Artigas, Uruguay - Polarsteps

Artigas, Uruguay, has a population of about 41,000. It is located on the border with Brazil. Between Artigas and Quaraí, Peru, is the Cuareim River which forms the border between the countries in this region. The city was founded in 1852. Here they speak with a particular dialect called portuñol - a mix of Portuguese and Spanish, which explains why I couldn't understand many of the people I spoke with, and some of them, one man in particular, did not understand my Spanish from Colombia. That particular man was rather rude and even said, "No entiendo nada de ti" and ended our attempt at a small conversation. I was simply asking about a restaurant. The Artigas region is the second largest producer of cattle and sheep in the country, and rice is the most commonly grown crop. The city has many free-trade stores which receive a large number of customers from Brazil. One of the churches, the San Eugenio Temple, was completed in 1880, in the photo album look for the white church with two bell towers. The city has many homes and other buildings that date back to the latter half of the 19th century and early 20th century. There is a big park on the river that runs under the international bridge. The park is quite nice, very peaceful, and there are many Green Parrots in the trees and those birds can make quite a racket. It's almost impossible to see them because they are the same color as the tree branches and leaves. So, my impressions: Artigas is a nice town, I liked my visit here, but the Spanish-Portugese mixed language used by some of the population is difficult to understand. I saw no cyclists here, and only a few people riding bikes in the city, but I did see a few people out running. Now that I think about it, there are no "good" bike shops here in Artigas. All throughout the southern half of South America, in particular, on Sundays, these towns are basically closed, as probably 95% of the businesses are closed. The only places I could find open on Sunday were ice cream shops, bakeries, dessert shops, and a few pharmacies. Finding lunch and dinner proved to be quite challenging. I finally simply bought a couple of arepas in a bakery and for dinner, well, it wasn't much, but I found a chicken leg and thigh in one shop that was primarily a dessert shop. Being this far south, the climate is now one that has four seasons, like North America. That means the nights are quite cold now because it is Fall here in the Southern Hemisphere, and virtually nobody and no businesses/hotels, etc have heaters. Hopefully, that will change as my journey continues a bit further south.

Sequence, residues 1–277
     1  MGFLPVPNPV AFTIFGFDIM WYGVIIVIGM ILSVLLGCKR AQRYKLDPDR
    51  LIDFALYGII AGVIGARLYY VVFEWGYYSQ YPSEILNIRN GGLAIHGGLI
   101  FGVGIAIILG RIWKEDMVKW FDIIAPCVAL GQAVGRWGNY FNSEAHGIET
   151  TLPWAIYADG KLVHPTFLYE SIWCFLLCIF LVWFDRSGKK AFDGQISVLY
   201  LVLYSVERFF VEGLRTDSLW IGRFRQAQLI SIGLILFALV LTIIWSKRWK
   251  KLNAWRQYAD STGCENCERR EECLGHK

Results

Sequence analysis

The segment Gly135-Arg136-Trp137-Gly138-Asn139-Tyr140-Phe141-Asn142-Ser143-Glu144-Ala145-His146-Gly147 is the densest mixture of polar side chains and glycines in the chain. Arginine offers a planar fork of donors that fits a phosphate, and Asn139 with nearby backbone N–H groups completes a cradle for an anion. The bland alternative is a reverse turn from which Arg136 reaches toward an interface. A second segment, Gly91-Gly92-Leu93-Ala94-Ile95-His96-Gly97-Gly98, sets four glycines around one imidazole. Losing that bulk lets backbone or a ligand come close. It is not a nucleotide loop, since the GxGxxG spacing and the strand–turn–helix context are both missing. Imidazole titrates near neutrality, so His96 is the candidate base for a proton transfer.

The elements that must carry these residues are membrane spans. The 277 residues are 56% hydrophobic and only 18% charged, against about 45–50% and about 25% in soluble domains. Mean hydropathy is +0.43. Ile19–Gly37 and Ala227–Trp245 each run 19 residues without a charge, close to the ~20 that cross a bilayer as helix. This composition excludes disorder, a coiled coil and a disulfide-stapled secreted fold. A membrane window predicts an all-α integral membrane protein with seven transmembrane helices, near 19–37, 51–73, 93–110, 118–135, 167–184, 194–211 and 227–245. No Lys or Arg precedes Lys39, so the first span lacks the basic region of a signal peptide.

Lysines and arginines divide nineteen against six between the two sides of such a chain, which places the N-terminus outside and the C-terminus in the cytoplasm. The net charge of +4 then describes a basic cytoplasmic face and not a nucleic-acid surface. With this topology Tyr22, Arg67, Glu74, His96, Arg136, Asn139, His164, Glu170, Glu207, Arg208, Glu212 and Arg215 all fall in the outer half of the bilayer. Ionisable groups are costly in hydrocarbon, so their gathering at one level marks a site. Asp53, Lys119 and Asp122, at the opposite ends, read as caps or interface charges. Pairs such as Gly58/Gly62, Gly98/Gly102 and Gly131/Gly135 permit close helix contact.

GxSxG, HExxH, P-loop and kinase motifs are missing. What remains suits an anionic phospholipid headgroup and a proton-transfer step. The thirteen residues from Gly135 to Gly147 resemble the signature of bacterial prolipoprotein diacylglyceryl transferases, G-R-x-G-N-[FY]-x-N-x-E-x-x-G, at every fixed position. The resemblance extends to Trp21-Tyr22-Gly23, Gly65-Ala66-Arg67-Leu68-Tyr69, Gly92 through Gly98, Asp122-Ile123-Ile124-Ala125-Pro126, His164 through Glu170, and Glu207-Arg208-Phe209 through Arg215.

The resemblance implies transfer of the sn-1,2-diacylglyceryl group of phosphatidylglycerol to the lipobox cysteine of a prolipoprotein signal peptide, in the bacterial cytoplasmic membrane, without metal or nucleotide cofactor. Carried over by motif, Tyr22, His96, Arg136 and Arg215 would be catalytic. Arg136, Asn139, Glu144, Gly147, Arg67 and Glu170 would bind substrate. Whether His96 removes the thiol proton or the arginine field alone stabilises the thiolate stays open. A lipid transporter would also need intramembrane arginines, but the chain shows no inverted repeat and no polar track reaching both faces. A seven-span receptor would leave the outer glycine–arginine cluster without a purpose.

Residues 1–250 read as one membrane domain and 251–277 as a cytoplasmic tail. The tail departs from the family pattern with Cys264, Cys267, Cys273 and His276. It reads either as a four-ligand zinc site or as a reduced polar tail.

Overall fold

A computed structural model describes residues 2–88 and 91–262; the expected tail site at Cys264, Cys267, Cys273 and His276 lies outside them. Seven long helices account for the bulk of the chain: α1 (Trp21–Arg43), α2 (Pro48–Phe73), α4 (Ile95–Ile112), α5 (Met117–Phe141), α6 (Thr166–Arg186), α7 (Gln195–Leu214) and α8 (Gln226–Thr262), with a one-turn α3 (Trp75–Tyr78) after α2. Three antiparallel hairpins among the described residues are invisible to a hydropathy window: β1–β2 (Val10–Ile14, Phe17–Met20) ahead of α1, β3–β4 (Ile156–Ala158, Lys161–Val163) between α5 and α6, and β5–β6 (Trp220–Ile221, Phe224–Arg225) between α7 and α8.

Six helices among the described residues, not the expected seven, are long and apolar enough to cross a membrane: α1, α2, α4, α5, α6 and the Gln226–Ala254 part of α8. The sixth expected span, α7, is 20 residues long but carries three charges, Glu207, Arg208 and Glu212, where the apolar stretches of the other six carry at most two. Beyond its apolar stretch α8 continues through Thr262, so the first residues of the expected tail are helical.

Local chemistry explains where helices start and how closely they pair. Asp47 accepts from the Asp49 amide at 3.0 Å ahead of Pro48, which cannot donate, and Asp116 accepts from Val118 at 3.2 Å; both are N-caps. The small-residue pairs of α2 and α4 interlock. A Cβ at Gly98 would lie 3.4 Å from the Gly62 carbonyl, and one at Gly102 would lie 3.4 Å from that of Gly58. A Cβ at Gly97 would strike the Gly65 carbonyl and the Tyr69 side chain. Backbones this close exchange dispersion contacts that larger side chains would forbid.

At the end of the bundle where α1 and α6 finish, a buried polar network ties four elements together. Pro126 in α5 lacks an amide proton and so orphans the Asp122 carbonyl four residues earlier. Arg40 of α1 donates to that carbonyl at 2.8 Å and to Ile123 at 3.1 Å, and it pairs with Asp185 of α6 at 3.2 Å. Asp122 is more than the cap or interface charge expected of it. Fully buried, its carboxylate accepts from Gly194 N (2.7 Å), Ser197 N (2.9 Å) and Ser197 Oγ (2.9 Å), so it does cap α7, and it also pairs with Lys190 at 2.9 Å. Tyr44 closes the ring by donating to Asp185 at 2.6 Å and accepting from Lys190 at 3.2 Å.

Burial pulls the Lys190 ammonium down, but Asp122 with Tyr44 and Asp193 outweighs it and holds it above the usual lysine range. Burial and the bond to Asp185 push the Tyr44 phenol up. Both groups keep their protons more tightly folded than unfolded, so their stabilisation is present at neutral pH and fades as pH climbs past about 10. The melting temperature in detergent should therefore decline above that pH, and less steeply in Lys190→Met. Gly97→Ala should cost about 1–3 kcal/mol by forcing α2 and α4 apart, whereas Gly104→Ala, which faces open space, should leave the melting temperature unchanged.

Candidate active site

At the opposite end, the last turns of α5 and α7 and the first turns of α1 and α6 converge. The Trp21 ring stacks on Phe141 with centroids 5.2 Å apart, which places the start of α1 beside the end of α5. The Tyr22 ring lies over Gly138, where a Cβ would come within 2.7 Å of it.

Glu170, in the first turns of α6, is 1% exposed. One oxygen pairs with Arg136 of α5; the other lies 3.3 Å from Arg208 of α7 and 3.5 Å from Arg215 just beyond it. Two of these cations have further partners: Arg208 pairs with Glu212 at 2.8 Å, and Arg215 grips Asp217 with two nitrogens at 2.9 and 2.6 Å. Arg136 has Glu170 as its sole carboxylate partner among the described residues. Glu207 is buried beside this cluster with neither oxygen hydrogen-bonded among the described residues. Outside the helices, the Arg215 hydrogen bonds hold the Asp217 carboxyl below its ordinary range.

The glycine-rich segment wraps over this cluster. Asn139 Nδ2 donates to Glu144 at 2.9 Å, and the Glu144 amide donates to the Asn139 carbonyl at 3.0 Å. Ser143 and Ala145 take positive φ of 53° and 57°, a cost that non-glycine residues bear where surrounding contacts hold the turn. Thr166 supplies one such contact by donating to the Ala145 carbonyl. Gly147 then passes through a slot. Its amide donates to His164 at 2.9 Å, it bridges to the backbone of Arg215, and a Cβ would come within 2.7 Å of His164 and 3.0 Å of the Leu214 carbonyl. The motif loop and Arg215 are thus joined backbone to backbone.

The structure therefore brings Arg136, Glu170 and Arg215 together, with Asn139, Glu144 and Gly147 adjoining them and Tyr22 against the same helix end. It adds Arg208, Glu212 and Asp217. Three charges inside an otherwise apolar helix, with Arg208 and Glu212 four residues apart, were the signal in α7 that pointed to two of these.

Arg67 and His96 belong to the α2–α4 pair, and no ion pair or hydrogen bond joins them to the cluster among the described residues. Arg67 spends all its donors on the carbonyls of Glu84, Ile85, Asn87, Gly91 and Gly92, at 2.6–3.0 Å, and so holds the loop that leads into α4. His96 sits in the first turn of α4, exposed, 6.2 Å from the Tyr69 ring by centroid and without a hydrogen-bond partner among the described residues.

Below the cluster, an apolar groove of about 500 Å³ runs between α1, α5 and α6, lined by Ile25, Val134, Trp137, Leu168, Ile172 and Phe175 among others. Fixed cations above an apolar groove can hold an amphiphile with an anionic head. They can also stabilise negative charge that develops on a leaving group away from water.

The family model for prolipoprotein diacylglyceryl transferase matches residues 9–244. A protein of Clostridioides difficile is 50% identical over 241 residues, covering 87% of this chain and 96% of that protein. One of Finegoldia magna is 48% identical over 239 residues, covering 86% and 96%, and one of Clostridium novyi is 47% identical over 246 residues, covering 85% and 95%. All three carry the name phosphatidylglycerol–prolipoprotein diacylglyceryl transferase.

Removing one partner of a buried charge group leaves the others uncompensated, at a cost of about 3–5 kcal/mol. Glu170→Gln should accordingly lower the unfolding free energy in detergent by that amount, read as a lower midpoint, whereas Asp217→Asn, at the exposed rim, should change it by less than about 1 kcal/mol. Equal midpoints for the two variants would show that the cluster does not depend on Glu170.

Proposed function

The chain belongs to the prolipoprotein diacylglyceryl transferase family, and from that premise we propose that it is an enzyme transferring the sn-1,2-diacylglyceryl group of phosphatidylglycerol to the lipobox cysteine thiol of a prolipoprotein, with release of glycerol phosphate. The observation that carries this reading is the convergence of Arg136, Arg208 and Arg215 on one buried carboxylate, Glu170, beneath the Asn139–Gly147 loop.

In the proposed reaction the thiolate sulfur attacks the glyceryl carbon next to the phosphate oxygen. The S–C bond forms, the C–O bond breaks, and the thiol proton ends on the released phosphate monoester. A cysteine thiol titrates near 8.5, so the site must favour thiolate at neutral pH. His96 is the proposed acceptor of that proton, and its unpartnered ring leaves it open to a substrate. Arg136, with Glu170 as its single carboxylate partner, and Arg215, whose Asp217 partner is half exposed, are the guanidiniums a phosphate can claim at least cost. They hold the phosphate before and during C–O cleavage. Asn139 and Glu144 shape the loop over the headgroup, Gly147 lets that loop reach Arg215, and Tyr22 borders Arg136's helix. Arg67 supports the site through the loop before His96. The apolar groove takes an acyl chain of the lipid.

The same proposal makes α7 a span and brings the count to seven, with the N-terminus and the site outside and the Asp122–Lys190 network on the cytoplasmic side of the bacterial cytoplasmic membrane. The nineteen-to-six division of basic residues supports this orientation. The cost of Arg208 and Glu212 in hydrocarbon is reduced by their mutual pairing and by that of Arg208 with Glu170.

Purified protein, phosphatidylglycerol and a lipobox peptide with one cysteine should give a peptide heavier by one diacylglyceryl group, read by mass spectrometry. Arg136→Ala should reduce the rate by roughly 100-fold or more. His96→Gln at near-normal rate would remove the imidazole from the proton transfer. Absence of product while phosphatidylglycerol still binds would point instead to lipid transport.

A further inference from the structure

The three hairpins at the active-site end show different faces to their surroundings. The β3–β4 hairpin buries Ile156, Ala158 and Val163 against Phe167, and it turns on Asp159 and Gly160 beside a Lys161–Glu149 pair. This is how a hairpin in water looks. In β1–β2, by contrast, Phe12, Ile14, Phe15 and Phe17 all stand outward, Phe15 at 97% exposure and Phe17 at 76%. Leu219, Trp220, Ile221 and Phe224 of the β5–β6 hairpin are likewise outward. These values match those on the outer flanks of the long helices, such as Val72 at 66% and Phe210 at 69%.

1. ChipW
  2. My South America Journey
  3. Artigas